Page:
The global nuclear order is under strain

Created in the shadow of the Cold War the GNO has held reasonably well, but is facing pressures under changing geopolitics

January 03, 2024 12:16 am | Updated 10:03 am IST

‘Humanity has survived 75 years of the nuclear age without blowing itself up’

‘Humanity has survived 75 years of the nuclear age without blowing itself up’ | Photo Credit: Getty Images

To gain legitimacy, any global order needs to fulfil two conditions. First, a convergence among the major powers of the day, and, second, successfully presenting the outcome as a global public good to the rest of the world. The global nuclear order (GNO) was no exception but, today, it is under strain.

Lessons of the Cold War

The GNO was created in the shadow of the Cold War, with the U.S. and the U.S.S.R., leading the western and the Socialist blocs, respectively. Following the 1962 Cuban Missile Crisis, when the two came perilously close to launching a nuclear war, both U.S. President John F. Kennedy and General Secretary Nikita Khrushchev understood two political realities. First, as the two nuclear superpowers, they needed bilateral mechanisms to prevent tensions from escalating to the nuclear level. And, second, nuclear weapons are dangerous and, therefore, their spread should be curbed. This convergence created the GNO.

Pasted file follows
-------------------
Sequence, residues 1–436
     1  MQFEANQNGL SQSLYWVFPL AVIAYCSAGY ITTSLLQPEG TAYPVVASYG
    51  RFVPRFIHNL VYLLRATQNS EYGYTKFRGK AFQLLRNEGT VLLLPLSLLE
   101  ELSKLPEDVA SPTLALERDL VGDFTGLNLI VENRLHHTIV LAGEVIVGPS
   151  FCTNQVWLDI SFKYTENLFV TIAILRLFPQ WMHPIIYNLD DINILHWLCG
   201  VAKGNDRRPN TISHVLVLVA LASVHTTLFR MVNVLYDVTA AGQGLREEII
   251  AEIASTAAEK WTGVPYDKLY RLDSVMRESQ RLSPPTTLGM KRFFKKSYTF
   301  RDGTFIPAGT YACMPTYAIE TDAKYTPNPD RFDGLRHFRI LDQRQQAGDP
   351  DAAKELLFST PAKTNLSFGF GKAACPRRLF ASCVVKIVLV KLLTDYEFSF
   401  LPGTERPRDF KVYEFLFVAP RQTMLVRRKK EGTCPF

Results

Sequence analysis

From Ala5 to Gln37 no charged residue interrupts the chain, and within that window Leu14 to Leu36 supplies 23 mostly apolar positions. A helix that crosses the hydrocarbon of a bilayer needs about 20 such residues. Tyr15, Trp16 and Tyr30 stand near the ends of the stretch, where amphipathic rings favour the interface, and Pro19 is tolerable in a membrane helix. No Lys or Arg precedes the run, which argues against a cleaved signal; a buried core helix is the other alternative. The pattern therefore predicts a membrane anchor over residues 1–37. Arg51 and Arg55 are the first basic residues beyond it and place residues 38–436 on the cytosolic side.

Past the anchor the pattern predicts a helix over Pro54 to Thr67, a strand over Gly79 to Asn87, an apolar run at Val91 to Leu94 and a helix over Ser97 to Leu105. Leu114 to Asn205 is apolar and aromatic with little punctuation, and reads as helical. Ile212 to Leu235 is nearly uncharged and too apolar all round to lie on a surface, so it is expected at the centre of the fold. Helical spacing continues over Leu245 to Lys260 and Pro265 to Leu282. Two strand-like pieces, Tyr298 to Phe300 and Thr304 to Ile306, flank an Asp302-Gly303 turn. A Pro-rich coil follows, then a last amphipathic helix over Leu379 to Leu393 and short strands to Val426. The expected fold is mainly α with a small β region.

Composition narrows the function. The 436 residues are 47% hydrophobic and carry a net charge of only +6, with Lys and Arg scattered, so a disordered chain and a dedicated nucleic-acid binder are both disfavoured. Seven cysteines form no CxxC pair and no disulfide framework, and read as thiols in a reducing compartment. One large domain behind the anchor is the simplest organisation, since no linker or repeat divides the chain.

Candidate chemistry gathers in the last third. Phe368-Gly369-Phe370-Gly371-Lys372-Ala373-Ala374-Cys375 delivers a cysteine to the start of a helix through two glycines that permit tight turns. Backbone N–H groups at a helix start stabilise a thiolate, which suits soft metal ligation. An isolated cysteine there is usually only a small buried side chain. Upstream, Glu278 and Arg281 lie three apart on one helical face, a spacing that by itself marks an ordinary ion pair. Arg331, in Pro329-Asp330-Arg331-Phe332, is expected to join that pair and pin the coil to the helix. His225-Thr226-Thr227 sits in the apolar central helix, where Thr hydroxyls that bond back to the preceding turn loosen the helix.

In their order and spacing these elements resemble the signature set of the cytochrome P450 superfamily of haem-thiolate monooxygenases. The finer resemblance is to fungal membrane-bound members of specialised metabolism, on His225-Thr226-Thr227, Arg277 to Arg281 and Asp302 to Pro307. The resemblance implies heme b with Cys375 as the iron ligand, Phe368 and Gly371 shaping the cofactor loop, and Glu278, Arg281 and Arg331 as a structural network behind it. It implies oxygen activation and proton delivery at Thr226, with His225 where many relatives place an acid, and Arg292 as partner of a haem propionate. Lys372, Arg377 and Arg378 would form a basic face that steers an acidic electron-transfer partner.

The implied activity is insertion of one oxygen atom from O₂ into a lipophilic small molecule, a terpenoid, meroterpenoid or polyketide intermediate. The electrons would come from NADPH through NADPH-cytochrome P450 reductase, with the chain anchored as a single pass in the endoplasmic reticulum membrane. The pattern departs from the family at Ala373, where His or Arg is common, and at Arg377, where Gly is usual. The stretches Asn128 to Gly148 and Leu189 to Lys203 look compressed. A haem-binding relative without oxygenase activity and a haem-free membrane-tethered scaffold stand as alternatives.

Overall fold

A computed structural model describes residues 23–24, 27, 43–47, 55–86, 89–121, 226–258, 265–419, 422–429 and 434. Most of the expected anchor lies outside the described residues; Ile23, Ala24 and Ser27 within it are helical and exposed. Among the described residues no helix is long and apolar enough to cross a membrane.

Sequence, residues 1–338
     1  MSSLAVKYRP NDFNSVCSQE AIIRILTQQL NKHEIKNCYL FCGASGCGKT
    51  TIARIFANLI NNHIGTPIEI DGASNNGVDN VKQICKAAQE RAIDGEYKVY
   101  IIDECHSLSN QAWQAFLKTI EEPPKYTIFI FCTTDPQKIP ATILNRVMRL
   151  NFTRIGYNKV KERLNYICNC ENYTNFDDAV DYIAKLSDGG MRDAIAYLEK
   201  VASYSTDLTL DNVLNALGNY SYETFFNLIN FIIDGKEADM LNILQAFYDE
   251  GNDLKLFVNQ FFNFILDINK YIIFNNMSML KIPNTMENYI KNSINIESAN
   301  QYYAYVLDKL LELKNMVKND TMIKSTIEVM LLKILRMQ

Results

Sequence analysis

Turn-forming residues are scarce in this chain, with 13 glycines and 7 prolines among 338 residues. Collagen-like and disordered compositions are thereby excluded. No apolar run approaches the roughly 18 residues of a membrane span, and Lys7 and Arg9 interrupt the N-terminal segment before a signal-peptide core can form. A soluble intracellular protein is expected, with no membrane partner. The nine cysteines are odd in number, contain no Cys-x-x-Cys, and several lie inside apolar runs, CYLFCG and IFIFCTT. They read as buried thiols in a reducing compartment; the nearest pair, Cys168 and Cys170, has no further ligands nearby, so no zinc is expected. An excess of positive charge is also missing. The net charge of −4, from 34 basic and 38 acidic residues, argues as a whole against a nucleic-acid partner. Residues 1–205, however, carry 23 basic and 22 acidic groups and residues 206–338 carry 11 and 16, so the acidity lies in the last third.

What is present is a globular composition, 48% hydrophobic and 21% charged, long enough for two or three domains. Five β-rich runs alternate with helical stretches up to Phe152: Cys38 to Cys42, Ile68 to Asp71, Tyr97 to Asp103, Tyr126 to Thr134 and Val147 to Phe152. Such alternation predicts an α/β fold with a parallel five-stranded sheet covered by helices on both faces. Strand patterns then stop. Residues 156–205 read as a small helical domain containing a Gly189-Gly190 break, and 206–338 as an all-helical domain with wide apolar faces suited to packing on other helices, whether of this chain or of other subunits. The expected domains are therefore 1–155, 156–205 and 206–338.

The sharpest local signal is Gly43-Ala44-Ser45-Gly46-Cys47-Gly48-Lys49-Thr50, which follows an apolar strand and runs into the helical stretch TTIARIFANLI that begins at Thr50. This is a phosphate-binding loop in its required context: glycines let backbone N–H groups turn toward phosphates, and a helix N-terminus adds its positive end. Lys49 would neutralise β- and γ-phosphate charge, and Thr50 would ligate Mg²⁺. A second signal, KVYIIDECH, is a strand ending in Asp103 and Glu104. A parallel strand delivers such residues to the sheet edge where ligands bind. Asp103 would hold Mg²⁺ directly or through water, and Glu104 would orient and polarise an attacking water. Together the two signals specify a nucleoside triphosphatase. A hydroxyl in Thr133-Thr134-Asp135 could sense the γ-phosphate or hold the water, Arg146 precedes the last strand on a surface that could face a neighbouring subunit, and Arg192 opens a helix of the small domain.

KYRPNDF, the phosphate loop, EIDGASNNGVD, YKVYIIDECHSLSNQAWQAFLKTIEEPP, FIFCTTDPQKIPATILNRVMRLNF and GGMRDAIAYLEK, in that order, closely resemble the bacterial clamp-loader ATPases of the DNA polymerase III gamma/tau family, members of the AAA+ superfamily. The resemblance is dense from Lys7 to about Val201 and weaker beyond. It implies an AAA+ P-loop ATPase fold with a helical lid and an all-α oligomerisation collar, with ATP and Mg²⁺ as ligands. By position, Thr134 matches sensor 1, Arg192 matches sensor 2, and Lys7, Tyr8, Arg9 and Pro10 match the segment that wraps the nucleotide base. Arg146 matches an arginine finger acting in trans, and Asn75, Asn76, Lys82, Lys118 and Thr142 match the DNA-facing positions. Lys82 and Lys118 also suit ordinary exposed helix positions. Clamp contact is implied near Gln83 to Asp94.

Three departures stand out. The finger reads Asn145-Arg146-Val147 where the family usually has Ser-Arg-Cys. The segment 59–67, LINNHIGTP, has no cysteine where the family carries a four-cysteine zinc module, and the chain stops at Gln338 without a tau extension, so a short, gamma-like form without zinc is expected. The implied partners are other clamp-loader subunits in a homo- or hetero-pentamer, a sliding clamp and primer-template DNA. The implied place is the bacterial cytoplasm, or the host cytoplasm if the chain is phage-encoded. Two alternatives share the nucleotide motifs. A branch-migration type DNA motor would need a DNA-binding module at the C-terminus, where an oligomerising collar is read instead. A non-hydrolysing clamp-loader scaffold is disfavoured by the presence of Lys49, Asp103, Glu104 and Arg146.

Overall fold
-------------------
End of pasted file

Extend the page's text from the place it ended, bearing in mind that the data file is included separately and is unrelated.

During the Cuban crisis, a secret back-channel between President Kennedy’s brother, Robert Kennedy and Soviet Ambassador Anatoly Dobrynin, helped resolve the crisis. The first bilateral measure was the hotline, established in 1963, to enable the leaders to communicate directly. The hotline (later upgraded into nuclear risk reduction centers) was followed by arms control negotiations as the two nuclear superpowers sought to manage their nuclear arms race and maintain strategic stability.

To control proliferation, the U.S. and the U.S.S.R. initiated multilateral negotiations in Geneva in 1965 on a treaty to curb the spread of nuclear weapons. Three years later, the Nuclear Non-Proliferation Treaty (NPT) opened for signature. It began modestly with less than 60 parties but today, it is widely described as the cornerstone of the global nuclear order with 191 adherents.